Lodgepole Pine (Pinus contorta)

Lodgepole Pine
General Appearance
  • Is a tall, slender pine with a straight trunk that has little taper.
  • The crown is small and narrow.
  • Branches are small and clustered at the top of the trunk.
  • Bark is thin, orange brown to greyish in colour and finely scaled.
  • Can grow to 30 metres (98.4 feet) or more in height.
  • Pollen cones (male) borne in terminal clusters.
  • Seed cones (female) are often borne in clusters and bear the following characteristics:
  • Are conical-shaped, woody and closed.
  • Are usually straight, and pointed backwards towards the base of the branches.
  • Are yellowish brown in colour.
  • Range from two to five centimetres (0.78 to 1.97 inches) in length.
  • Scales are thickened and have a sharp spine at the tip.
  • Seeds are winged.
lodgepole pine leaf, cone and bark details
  • Leaves are needle-like and grow in pairs that are produced in dense clusters towards the ends of branches.
  • Range from 2.5 to 7.5 centimetres (0.98 to 2.95 inches) in length.
  • Are usually twisted.
  • Are dark-green to yellowish-green in colour.
  • Is the most common and abundant tree in the Rocky Mountains and foothills regions of Alberta.
  • Is found in three of Alberta's four forest regions: boreal, subalpine and montane. Is not found in the aspen parkland region.
  • Occurs on the eastern slopes of the Rocky Mountains, forming dense, even-aged stands where fire has occurred.
  • Will hybridize with jack pine in places where these trees grow in adjacent areas.
Natural History

  • Is found on soils ranging from gravelly and sandy to silty clay loam, though it grows best in well-drained, loamy soils.
  • Is frost and drought tolerant and shade intolerant, and can grow successfully on dry or severe sites.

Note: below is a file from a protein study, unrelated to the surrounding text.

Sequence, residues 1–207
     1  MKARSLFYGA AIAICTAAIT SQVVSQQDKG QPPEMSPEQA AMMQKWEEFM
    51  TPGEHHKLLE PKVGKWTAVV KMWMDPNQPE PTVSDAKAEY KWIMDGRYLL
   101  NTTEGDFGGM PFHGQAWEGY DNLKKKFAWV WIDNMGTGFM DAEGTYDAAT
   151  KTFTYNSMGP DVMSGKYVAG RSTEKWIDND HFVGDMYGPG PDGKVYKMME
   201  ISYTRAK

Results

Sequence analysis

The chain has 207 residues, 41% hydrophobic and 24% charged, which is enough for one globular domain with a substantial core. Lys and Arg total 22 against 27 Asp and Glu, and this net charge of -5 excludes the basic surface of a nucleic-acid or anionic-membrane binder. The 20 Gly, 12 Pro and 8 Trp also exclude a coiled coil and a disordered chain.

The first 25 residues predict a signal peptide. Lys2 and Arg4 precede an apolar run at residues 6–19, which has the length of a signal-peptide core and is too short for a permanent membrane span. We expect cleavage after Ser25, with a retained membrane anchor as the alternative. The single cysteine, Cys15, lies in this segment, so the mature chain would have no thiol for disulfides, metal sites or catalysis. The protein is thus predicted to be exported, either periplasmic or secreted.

Reproduction and Growth
  • The reproductive cycle for lodgepole pine takes place over a little over two years, from the budding of pollen and seed cones to cone maturity. Five- to ten-year-old trees will produce cones.
  • Pollen for this species is wind borne and released from the tree anytime from late May to July in Alberta, depending on the elevation of the stand.
  • Pollen grains enter the seed cones, where fertilization occurs. The fertilized seed cones are dormant through the winter, and finish development the following spring.
  • Fertilized cones can remain on the tree for 10 to 20 years and will open when exposed to heat, either from lots of direct sunlight or a wildfire.
  • When mature stands of trees die, they provide fuel for forest fires, the heat of which will release seeds from the cones to begin the cycle again. Lodgepole pine trees regenerate only from seeds.
Conservation and Management

Lodgepole pine is classified as Secure in the General Status of Alberta Wild Species report. See: Issues
Like other pine tree species in Alberta, lodgepole pine stands are susceptible to infestations of the mountain pine beetle. For details on mountain pine beetle and Government of Alberta efforts to manage infestations in Alberta forests, visit:
Alberta's Provincial Tree
In 1984, the Alberta Legislative Assembly designated the lodgepole pine as the province's official tree.

The lodgepole pine is a uniquely western Canadian tree, and is quite abundant in Alberta. It provides needed shelter for Alberta wildlife and cover for watersheds on the eastern slopes of the Rocky Mountains.

Historically, the tree was valued by First Nations peoples for use as tipi frames (hence the name). Later settlers would use lodgepole pine wood for construction of everything from cabins and fence posts to railway ties and telegraph poles.

Today, lodgepole pine wood continues to be valuable to Alberta's timber industry, furthering Alberta's economic prospects.
For more on this and other provincial symbols, see the Government of Alberta website at:

For more information about the content of this document, contact For-Info@gov.ab.ca
This information published to the web on March 30, 2016.
Last Reviewed/Revised on March 16, 2018.